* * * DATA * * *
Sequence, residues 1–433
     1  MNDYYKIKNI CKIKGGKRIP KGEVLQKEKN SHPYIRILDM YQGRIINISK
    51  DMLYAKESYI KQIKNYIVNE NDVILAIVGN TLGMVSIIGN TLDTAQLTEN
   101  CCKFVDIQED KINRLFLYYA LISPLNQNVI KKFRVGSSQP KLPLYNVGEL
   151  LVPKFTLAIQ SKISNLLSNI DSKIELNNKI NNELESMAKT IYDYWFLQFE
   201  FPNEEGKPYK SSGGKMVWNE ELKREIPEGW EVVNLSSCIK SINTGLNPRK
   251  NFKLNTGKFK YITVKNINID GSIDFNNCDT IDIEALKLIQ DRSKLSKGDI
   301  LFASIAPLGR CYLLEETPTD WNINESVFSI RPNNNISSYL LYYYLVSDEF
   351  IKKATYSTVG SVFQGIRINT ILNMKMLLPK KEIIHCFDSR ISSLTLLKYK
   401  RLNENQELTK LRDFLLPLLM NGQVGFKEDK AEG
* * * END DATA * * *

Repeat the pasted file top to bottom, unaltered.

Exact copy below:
Sequence, residues 1–433
     1  MNDYYKIKNI CKIKGGKRIP KGEVLQKEKN SHPYIRILDM YQGRIINISK
    51  DMLYAKESYI KQIKNYIVNE NDVILAIVGN TLGMVSIIGN TLDTAQLTEN
   101  CCKFVDIQED KINRLFLYYA LISPLNQNVI KKFRVGSSQP KLPLYNVGEL
   151  LVPKFTLAIQ SKISNLLSNI DSKIELNNKI NNELESMAKT IYDYWFLQFE
   201  FPNEEGKPYK SSGGKMVWNE ELKREIPEGW EVVNLSSCIK SINTGLNPRK
   251  NFKLNTGKFK YITVKNINID GSIDFNNCDT IDIEALKLIQ DRSKLSKGDI
   301  LFASIAPLGR CYLLEETPTD WNINESVFSI RPNNNISSYL LYYYLVSDEF
   351  IKKATYSTVG SVFQGIRINT ILNMKMLLPK KEIIHCFDSR ISSLTLLKYK
   401  RLNENQELTK LRDFLLPLLM NGQVGFKEDK AEG